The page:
Handling time in row-based input tables when rolling forecast

In HR Library based models, many of the input tables used are what we term “row-based” input tables. Each row in the table represents a particular rule used in the simulation. This type of table has several advantages. First of all, input can be made very concise. In the example below the columns ‘Job cluster’ and ‘Location’ are empty in the first row. This means that for the year 2018 and onwards, all job clusters and locations will use the same hiring rate. On the second row, a specific rule for Norway has been created. Starting from 2019, a different hiring rate will be used for Norway only. The generic rule on row number 1 continues to be used for all other locations and job clusters.

Row
Time
Job cluster
Location
Hiring rate
1
2018
100%/year
2
2019
Norway
80%/year

Used in this manner, row-based tables allow us to input sophisticated rules using minimal space.

What happens to a rule when we use ‘rolling forecast’ to adjust the time horizon of the model? The table below shows a typical setup of a model’s simulation horizon. The period between ‘start time’ and ‘start future’ is termed history and is represented in the model by the inputs in the records part of the HR Library. The period between ‘start future’ and ‘stop time’ is termed future. In this part of the time horizon, values from history combined with rules from the drivers section of the model are used to calculate future projections of the workforce.

Rolling forecast
Rolling forecast

When we roll the forecast forward by one year, Smia is designed to retain the values within history and future and discard the others. Hence, the values for 2016 are discarded in the records section and for 2018 in the drivers section.

history
future
start time
start future
stop time
Before rolling forecast
2016
2017
2018
2019
2020
After rolling forecast
2017
2018
2019
2020
2021

Our row-based table now looks like this:

Row
Time
Job cluster
Location
Hiring rate
1
2019
Norway
80%/year

The rule for 2019 is retained, while the rule for 2018, which is no longer part of future, is removed. This can in some cases be annoying, because we often use the ‘start future’ point in time to input generic rules that are valid for the whole future. Hence, it is often desirable to retain rules corresponding to the value of ‘start future’ as it was before rolling the forecast. Our desired result after rolling forecast is the following:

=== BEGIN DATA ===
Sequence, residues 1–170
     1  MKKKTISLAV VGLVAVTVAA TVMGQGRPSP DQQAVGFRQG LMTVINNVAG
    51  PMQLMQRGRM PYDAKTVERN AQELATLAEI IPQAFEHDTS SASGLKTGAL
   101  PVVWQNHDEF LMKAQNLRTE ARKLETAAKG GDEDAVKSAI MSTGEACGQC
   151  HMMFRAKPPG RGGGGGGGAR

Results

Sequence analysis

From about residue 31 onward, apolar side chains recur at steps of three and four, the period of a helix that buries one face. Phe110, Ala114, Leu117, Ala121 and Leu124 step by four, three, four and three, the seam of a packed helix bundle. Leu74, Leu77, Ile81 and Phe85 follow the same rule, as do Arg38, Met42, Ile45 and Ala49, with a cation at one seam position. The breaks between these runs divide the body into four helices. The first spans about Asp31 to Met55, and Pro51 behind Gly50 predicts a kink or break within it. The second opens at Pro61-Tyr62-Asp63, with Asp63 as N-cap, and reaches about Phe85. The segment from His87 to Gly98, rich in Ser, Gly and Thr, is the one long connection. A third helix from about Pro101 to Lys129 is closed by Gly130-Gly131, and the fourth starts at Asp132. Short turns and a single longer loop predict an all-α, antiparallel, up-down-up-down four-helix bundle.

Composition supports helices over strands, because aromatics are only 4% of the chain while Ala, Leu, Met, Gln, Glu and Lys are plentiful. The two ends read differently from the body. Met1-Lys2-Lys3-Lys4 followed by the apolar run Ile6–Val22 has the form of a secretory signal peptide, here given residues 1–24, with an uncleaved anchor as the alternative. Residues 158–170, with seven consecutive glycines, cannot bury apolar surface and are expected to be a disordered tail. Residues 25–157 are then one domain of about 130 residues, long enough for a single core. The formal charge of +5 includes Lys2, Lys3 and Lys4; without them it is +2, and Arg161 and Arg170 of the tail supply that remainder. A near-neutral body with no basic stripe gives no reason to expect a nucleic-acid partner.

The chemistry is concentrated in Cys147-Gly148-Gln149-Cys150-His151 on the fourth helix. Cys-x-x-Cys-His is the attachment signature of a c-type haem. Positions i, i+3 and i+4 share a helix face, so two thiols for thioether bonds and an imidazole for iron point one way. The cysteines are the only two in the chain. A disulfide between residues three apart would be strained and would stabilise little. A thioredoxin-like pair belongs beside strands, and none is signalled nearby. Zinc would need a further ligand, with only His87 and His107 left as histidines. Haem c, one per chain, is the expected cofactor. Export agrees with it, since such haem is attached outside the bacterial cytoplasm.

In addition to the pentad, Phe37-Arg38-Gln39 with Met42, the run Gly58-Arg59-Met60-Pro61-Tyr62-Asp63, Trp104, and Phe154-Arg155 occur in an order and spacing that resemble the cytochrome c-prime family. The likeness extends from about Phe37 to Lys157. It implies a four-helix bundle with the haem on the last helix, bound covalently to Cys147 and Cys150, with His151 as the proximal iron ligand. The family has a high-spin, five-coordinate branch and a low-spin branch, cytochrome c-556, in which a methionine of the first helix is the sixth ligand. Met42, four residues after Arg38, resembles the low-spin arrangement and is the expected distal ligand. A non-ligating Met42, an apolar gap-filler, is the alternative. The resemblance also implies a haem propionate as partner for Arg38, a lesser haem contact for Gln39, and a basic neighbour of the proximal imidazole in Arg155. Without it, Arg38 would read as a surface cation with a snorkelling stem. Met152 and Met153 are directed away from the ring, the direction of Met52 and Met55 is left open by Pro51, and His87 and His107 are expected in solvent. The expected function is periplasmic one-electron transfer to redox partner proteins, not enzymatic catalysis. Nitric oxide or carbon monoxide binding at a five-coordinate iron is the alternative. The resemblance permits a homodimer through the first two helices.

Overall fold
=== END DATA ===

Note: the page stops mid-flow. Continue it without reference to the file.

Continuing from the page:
Row
Time
Job cluster
Location
Hiring rate
1
2019
100%/year
2
2019
Norway
80%/year

How can we achieve this in HR Library based models?

The answer is to refer directly to the built-in Smia object ‘start future’ instead of the year 2018. We set the original input table up like this:

Row
Time
Job cluster
Location
Hiring rate
1
‘start future’
100%/year
2
2019
Norway
80%/year

We now have a specific rule for 2019, but also a generic rule valid from the start of future. When we roll the forecast forward, both rows are retained.

To allow for inputting ‘start future’ and retaining the value, a change must be made in the formula of the ‘time’ column. To make the change, enter design mode by clicking on the blue triangular ruler symbol in the toolbar: Design mode icon Then click on the column header in the table to edit the formula.

Original formula:

data {r=row| } as future default empty

Updated formula:

{r=row| } as future default empty

Confirm with the Enter key. You can now write ‘start future’ instead of the year. ‘start future’ refers to the start of future and the row-based input table shows this value directly.

Design mode button
Design mode button

If you do not have design mode access or would like assistance in making the adjustments in your model, please contact us.

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